AuthorCraig Forcese
Chapter 12
Go to war, and the fair f‌ields of the ate of New York may be deluged in
blood. The ate of New York may be ransacked by foreign enemies, and
irreparable injury done to its people.
—    1  18411
T   administration left oce in March 1841, and
President William Henry Harrison appointed Daniel Web-
ster as the new secretary of state on 6 March 1841. The New
Englander was cut from a dif‌ferent cloth than his predecessor at the
state department. By this point, a renowned lawyer one of the
most highly paid in the country and a politician, Webster was a
diplomatic novice. But he had developed f‌irm ideas on international
relations. He was hostile to war, considering it an instrument of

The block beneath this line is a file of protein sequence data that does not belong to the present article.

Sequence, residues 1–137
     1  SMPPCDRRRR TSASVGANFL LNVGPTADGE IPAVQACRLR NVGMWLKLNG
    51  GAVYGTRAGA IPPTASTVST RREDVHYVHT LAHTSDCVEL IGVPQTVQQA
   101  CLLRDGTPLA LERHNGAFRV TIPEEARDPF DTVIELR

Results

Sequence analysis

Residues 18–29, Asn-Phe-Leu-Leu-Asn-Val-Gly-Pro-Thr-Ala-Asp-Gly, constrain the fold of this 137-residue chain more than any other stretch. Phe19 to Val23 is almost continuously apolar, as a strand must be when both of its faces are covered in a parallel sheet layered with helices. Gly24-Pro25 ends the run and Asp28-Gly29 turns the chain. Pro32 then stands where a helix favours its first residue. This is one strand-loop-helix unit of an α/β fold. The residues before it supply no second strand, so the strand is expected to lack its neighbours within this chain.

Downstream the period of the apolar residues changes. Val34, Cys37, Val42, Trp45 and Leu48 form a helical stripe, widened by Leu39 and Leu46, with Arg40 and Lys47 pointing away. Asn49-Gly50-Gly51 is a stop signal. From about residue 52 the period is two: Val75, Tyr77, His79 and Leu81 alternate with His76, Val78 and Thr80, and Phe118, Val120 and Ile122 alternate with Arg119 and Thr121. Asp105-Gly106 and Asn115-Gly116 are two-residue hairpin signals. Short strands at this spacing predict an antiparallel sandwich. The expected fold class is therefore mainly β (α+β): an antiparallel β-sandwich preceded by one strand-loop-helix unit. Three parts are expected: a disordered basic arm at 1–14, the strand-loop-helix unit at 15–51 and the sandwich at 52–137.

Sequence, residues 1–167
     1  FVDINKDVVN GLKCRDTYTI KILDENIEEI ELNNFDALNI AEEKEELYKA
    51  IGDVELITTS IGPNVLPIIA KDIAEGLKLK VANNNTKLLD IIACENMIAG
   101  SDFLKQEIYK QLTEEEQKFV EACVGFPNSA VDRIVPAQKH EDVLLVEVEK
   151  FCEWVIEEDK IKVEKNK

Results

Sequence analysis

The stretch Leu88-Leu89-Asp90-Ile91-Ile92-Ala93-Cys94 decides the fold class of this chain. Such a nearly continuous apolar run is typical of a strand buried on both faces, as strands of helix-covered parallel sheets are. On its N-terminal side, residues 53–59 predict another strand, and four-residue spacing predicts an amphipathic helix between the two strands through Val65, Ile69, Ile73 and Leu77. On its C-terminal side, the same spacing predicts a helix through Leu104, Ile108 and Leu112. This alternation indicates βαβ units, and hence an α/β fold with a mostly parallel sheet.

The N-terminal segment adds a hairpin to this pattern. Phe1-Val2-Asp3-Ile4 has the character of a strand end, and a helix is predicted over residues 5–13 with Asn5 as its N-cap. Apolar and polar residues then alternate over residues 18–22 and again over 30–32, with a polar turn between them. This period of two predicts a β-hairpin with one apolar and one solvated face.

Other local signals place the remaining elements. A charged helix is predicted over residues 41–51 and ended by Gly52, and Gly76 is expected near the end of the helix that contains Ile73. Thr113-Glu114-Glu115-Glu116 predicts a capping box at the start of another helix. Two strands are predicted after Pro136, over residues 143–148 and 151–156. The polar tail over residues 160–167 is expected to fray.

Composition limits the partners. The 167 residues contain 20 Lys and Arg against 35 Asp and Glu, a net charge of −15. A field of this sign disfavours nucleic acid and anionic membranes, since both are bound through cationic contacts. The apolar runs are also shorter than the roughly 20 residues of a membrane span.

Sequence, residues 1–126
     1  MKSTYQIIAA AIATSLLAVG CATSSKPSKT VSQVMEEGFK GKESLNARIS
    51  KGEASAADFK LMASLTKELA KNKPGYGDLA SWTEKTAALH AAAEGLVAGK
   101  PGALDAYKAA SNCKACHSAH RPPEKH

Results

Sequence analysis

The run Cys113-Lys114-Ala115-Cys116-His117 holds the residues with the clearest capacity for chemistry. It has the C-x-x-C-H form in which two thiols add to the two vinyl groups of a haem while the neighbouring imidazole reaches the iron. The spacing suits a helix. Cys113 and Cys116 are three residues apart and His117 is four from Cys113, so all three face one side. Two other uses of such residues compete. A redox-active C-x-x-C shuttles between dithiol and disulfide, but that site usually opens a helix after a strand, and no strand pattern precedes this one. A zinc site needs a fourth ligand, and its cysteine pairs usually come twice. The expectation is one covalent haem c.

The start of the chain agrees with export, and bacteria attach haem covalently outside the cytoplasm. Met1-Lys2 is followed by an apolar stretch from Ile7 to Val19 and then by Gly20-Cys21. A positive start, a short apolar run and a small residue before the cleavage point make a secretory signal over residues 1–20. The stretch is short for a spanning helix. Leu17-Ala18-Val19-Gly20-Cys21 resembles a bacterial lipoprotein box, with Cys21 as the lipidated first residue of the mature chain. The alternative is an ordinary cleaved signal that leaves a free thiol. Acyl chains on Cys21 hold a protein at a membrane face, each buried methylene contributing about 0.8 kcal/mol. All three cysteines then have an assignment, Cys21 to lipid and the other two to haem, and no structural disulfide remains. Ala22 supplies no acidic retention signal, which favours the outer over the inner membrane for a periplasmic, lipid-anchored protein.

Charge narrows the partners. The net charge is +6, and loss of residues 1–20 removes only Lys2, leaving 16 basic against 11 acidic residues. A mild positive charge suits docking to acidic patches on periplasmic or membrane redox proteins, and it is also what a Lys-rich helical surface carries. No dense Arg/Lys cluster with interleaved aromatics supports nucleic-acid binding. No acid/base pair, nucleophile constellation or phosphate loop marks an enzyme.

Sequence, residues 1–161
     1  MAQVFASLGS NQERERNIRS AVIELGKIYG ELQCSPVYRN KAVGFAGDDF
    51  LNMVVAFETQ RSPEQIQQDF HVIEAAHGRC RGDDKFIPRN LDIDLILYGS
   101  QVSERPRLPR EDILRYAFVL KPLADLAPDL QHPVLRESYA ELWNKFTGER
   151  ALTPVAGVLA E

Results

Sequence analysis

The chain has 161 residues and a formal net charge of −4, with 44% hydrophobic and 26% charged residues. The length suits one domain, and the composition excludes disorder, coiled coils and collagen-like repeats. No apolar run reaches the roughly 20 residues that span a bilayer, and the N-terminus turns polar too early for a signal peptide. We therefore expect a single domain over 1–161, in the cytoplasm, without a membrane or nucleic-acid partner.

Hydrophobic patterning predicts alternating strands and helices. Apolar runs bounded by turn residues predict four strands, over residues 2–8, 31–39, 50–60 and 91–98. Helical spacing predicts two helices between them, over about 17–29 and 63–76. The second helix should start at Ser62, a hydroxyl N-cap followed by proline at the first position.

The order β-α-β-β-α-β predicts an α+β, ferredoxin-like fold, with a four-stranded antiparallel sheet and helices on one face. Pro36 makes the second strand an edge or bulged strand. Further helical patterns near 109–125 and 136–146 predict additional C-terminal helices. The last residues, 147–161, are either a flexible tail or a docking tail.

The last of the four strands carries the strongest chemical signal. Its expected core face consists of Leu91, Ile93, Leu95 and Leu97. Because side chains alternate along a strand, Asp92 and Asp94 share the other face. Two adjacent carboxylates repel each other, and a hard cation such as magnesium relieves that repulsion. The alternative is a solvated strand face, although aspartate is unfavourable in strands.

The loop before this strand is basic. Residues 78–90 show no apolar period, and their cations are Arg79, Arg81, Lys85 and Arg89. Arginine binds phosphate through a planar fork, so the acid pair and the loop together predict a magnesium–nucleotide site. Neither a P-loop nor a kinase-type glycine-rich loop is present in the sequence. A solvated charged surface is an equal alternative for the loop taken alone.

policy inconsistent with the spirit of the age — as a young lawyer and
then congressman, he had opposed the American entry in the War
of 1812.2 He preferred conciliation as a means of settling dif‌ferences,
and worried about the economic consequences of war, and especially
the danger to the United States’ material progress risked by wars
of territorial expansion.3 And the “ardent, indeed rabid” anglophile
Webster assumed oce with important social and business ties to
the British — he had many English friends and correspondents, and
had been legal counsel to the House of Barings bank in London.4
Webster assumed oce anxious to resolve the McLeod and lin-
gering Caroline disputes, as well as border boundary disagreements

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